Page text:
RMT: Fighting casualisation

The Annual General Meeting (National Conference) of the Rail, Maritime and Transport Workers Union (RMT) opened on 23 June in Brighton.

The first motions to be debated came from the different grades conferences and it is clear that casualisation will be a theme of the AGM.

The use of agencies is growing, including Trainpeople, who provide low-paid agency staff across national rail and London Underground. But RMT is determined to resist this and maintain well-paid permanent jobs.

Speakers from sister transport unions in the USA and New Zealand offered support to transport workers in Britain.

The same issues facing us on Northern Rail or the Bakerloo Line on the tube are being fought worldwide.

Steve Cotton from the International Transport Workers Federation spoke about the international scope of trade unionism and the federation’s presence in Taksim Square during the recent Turkish protests.

The agenda for the week includes important resolutions covering job security, working hours, grading and the inclusion of flat rate elements in pay claims to boost pay increases for the lowest paid.

There are also many political items on the table, which reflect the radical character of the RMT.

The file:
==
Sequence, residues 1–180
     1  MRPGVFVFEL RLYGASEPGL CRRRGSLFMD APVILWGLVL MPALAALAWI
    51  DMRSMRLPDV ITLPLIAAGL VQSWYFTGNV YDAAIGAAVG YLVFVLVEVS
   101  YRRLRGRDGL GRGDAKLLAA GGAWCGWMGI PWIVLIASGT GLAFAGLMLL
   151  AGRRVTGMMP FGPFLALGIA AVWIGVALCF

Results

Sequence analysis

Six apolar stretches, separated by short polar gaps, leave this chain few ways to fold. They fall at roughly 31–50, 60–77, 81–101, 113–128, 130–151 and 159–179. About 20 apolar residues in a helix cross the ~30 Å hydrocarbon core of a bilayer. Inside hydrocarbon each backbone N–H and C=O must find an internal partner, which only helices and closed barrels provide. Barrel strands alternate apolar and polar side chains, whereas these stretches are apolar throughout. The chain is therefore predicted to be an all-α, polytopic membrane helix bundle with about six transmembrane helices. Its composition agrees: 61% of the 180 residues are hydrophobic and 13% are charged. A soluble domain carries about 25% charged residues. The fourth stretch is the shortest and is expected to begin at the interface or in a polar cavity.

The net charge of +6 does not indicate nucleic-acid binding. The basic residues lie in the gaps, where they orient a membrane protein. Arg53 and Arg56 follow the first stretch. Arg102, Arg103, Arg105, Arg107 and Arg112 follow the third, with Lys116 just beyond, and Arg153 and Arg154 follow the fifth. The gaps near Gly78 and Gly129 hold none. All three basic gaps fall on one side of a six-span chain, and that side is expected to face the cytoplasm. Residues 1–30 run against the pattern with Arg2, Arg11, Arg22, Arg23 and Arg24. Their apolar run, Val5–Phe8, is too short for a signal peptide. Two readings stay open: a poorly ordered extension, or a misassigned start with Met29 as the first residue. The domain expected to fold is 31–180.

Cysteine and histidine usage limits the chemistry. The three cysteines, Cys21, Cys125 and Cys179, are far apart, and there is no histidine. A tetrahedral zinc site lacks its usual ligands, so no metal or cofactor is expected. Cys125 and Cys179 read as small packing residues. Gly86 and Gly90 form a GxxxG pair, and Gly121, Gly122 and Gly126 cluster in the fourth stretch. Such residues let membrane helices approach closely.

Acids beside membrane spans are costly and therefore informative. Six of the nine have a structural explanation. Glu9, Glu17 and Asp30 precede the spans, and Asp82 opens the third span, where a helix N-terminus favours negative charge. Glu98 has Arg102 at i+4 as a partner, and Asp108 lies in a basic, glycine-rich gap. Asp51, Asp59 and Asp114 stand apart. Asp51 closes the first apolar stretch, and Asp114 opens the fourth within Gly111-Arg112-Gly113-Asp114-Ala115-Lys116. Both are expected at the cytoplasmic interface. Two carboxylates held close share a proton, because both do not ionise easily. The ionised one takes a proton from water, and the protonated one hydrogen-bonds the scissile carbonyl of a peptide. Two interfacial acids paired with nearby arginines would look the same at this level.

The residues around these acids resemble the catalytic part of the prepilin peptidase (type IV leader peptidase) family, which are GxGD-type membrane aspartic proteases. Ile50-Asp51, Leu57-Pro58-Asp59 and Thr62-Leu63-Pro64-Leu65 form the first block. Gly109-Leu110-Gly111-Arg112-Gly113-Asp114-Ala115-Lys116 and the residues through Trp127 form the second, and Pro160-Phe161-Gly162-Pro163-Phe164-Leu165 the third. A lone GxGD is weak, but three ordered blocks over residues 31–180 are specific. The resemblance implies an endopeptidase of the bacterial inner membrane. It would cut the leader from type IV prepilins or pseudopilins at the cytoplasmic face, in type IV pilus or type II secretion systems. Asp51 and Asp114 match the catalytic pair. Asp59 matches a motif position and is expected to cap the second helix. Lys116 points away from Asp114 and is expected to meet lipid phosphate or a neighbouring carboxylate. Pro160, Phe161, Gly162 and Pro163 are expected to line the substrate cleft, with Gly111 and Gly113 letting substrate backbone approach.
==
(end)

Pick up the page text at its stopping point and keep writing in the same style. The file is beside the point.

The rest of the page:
Resolutions call for the continuation of the Trade Unionist and Socialist Coalition (TUSC) project. Others endorse the position taken by general secretary Bob Crow, to call for a 24-hour general strike.

TUSC is holding a fringe meeting on 25 June, where Southampton City councillors, Keith Morrell and Don Thomas will speak.

On 26 June there is a fringe meeting called by the National Shop Stewards Network (NSSN) to discuss making generalised strike action a reality.

There are resolutions on the agenda on the bedroom tax and many other political issues. Of particular interest will be a resolution re-stating the union’s socialist clause and calling for a campaign throughout the branches to explain this part of RMT’s rules to members.